Taq polymerase lacks proofreading activity and unable to correct wrong incorporated nucleotide bases. On average, these errors occur approximately once per 9000 nucleotides.
This might be important for some applications, such as cloning, because the product of the polymerase chain reaction may not be a completely precise copy of the original sequence.
Another imperfection of Taq polymerase is that it can only efficiently amplify fragments of a few thousand base pairs.
The DNA fragment to be amplified should not be greater than about 3 kb in length. Usually, they are less than 1 kb.
Amplification of very long fragments (up to 40 kb) requires special methods.
These problems can be solved by using other thermostable polymerases, such as Pfu and Pwo DNA polymerases. These enzymes have proofreading activity.
To improve PCR performance, new generations of DNA polymerases have been engineered. They are effective to generate lower-error PCR products for cloning, long amplification, and GC-rich PCR.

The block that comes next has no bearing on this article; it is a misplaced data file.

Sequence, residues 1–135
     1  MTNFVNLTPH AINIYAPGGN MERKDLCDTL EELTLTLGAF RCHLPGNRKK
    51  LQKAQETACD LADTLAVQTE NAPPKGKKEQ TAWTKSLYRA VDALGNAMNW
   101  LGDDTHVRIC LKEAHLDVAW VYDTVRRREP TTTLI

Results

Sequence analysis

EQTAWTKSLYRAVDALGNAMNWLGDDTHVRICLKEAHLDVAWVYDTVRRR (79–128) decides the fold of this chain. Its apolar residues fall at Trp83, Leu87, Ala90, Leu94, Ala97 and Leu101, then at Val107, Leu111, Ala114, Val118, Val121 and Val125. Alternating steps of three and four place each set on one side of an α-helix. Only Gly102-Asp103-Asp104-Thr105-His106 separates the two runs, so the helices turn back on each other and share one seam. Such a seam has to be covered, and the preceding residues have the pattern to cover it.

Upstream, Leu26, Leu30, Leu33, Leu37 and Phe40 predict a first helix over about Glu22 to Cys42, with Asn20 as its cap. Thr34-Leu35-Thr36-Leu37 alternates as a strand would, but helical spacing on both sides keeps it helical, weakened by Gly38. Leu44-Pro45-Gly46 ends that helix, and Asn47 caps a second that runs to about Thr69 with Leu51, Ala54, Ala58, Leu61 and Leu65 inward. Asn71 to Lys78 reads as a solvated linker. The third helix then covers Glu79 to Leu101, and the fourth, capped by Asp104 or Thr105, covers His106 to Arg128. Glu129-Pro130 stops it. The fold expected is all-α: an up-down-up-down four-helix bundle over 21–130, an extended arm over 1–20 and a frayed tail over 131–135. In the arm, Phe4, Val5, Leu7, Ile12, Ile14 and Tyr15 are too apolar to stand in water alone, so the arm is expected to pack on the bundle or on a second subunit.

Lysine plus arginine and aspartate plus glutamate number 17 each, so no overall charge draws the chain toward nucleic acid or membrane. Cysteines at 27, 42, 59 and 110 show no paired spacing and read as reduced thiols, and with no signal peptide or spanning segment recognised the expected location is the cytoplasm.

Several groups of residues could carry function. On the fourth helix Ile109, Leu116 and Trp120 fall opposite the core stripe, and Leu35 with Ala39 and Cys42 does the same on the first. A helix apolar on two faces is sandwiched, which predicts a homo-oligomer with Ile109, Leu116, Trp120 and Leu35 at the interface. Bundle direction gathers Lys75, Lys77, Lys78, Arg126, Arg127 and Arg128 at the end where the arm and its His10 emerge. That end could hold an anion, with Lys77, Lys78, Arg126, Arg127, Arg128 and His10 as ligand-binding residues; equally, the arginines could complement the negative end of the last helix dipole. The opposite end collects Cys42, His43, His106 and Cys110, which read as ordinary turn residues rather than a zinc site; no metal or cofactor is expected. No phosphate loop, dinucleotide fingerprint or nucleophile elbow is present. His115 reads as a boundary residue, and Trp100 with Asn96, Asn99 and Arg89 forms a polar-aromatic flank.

Additional PCR reaction components
To improve PCR results, there are various PCR enhancers. These components of polymerase chain reaction can relieve secondary DNA structure, lower temperature of template denaturation or stabilize DNA polymerases.
Commonly used PCR additives include dimethyl sulfoxide (DMSO), ammonium sulfate, polyethylene glycol, bovine serum albumin (BSA), gelatin, N,N,N-trimethylglycine, and glycerol.
References & further readings:
- Lorenz TC. Polymerase Chain Reaction: Basic Protocol Plus Troubleshooting and Optimization Strategies. Journal of Visualized Experiments : JoVE. 2012;(63):3998. doi:10.3791/3998.